But it’s no surprise to him.

“I don’t think shock is the right word because I expect a lot of myself and I expect to score a couple of goals this year,” Tribbett said. “So it was just more relief to get the first one out of the way. Any time you score, it’s jubilation, so that was awesome. And to tie the game in Orlando after going down 2-1 was really good for the team, so everything about it was just a special moment.”

Tribbett, who also had a secondary assist in Orlando, enjoyed another “special moment” just three days later when he got to play in the Denver area where he grew up. That was not something he could have imagined after his circuitous journey took him from Colorado to Drexel to the USL’s Harrisburg City Islanders and now to the Union.

“That was probably a moment I won’t ever forget,” Tribbett said. “I had about 20 or 30 family members there, and for a lot of them it was the first time they’ve seen me play professionally. So being back home in Colorado was a special feeling.”

Although the Union backline stayed organized and surrendered only a couple of shots on target in Colorado, Curtin did say it wasn’t the best performance from Tribbett. But the Union coach is ready to lean on him again for Wednesday’s game vs. the Columbus Crew at Talen Energy Stadium (7 p.m./TCN) while Yaro gets an MRI on his shoulder.

“He did fatigue at the end and I talked to him about it,” Curtin said of Tribbett. “He had a couple of little mistakes toward the end of the game. Part of that is your legs starting to fade. But it’s good for him that’s under his belt. He’ll be ready to go now [Wednesday] for the full 90 minutes.”

With the Union idle for two weeks following Wednesday’s game because of a Copa America layoff — and Tribbett’s place in the lineup uncertain from there — the Drexel alum is certainly excited to get back on the field for his first home game since April 8.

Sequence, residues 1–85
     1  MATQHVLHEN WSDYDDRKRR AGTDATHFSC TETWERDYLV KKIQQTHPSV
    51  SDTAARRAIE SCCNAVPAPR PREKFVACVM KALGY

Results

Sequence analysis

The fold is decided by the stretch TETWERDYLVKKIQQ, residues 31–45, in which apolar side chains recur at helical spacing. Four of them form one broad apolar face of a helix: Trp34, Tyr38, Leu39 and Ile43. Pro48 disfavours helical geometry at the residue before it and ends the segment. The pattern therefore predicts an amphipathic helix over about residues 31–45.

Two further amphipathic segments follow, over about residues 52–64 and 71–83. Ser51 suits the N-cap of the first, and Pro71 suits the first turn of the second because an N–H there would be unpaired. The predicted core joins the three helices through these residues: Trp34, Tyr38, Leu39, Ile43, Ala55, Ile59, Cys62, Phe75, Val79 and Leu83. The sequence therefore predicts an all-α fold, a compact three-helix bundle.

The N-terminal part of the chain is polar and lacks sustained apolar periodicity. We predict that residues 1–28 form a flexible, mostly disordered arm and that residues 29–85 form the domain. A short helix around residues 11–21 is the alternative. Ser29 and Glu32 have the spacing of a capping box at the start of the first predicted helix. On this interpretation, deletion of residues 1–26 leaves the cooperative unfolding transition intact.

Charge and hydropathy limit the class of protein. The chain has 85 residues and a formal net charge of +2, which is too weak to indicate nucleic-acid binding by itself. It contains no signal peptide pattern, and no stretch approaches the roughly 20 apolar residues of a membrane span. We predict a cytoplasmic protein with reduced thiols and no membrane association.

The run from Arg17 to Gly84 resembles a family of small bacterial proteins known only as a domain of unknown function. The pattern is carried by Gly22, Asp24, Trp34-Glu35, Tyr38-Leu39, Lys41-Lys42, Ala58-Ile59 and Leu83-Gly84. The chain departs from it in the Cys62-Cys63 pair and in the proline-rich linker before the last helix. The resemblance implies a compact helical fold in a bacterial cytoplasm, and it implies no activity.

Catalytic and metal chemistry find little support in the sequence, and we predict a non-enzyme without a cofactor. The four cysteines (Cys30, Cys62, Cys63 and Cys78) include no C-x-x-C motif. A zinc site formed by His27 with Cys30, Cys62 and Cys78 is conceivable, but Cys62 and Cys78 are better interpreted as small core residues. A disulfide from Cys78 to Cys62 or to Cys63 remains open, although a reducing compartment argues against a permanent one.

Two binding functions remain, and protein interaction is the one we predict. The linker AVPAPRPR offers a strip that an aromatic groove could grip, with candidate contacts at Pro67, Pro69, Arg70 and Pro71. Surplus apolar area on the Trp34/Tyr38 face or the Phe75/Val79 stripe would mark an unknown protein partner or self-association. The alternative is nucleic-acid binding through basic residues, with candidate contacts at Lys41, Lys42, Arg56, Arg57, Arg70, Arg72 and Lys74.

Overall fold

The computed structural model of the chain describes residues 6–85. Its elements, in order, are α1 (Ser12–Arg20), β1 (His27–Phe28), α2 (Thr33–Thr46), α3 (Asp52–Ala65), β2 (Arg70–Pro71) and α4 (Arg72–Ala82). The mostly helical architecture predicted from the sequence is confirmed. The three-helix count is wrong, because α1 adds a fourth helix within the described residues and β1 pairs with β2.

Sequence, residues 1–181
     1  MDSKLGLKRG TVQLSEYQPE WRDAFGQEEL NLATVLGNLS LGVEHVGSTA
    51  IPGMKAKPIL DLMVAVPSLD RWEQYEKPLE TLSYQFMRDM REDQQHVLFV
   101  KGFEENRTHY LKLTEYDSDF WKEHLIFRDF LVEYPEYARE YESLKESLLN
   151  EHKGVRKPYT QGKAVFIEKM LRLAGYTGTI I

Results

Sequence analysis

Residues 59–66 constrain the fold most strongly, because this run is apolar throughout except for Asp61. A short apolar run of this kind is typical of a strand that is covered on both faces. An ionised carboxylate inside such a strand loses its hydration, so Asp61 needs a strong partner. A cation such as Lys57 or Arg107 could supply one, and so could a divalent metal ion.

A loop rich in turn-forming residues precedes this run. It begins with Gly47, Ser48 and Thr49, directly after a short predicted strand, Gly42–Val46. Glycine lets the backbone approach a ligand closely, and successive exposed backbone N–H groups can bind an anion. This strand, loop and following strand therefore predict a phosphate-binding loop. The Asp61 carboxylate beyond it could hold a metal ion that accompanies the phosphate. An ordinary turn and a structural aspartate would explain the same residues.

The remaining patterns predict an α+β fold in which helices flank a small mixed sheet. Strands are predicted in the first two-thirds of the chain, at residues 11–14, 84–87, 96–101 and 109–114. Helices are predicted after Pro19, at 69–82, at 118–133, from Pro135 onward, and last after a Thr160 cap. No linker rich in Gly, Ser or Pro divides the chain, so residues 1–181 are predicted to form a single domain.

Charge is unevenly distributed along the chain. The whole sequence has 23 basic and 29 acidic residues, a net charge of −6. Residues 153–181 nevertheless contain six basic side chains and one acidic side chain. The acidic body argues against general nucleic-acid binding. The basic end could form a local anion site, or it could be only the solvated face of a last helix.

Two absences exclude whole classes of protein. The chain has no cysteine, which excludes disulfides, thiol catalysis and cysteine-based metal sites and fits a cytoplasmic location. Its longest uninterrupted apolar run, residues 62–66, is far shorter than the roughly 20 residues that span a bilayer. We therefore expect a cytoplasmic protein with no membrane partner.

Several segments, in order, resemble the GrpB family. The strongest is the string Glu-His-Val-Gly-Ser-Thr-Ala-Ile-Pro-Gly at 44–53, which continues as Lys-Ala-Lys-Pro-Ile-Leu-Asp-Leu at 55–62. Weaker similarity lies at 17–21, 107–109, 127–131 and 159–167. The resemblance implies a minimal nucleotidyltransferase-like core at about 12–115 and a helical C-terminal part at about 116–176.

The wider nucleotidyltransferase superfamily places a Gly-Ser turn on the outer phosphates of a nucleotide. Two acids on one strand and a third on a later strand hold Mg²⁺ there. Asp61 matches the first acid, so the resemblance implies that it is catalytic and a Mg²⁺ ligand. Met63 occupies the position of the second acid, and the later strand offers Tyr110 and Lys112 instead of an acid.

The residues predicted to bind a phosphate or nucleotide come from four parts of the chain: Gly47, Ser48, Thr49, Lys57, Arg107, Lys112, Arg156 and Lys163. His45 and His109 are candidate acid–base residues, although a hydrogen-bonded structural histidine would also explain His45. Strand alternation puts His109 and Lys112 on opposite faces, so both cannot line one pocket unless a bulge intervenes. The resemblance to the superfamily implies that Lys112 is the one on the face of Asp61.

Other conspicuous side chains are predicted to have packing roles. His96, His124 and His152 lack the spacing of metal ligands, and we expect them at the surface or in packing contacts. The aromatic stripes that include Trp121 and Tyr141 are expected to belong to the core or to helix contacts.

“It’s a very important game,” Tribbett said. “We want to go into the break with certain goals for ourselves. We want to be at the top of the conference, and if we win, we’ll achieve that goal. We want to keep one goal per game [allowed]. Right now, we’re one off that, so if we get a shutout tomorrow, we’ll be right back on track.”

Pete Mackanin sends Cesar Hernandez a message

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Pete Mackanin sends Cesar Hernandez a message

Pete Mackanin dropped second baseman Cesar Hernandez to eighth in the batting order for Tuesday night’s game against the Washington Nationals.

“If you want to call it a message you can call it a message,” Mackanin said.

Hernandez entered the game hitting .255 with a .616 OPS. Last year, he hit .272 with and .687 OPS.

“I expect more out of him,” Mackanin said. “I think he's a better hitter than he's shown. I think he's a .280 hitter and I think he's at .250. I want to see improvement. We need him to get back up to .280, where I think he belongs. He’s got to make adjustments. We need offense.”

Mackanin pointed to Hernandez’s double-play partner, shortstop Freddy Galvis, as an example of a player who has made improvements.

Galvis entered Tuesday night hitting .257 with a .696 OPS. But in the month of May, he was hitting .277 with a .708 OPS.

“Freddy is starting to come on,” Mackanin said. “He’s starting to make adjustments.”

Galvis has also played excellent defense.

The Phillies are a rebuilding club with a number of potential big-league contributors rounding out their development in the minors. The team’s top prospect is a shortstop – J.P. Crawford – and he’s in Triple A now. It’s not out of the question that he will be the team’s opening day shortstop next season.

Crawford’s eventual ascension impacts both Galvis and Hernandez. Galvis can also play second base. Whether Hernandez or Galvis becomes the second baseman when Crawford arrives could be determined by who hits. This is the time to make impressions.

“That's basically what it boils down to,” Mackanin said. “I've even talked to them about that — 'It's an important year for both of you because there are people who want to be in the big leagues that are in the minor leagues and want to take your job.' You have to approach it that way. You can't let down. You have to stay focused and work hard.”

While all signs point to Crawford taking over at shortstop in the future, Mackanin said Galvis’ defense should not be taken for granted.

“As well as Freddy is playing shortstop, you'd hate to move a guy like that out of that position,” Mackanin said. “It's a defensive position and he's been so good at it.”

Galvis entered Tuesday night with just two errors in 50 games. His .990 fielding percentage trailed only San Francisco’s Brandon Crawford and Detroit’s Jose Iglesias, both .995.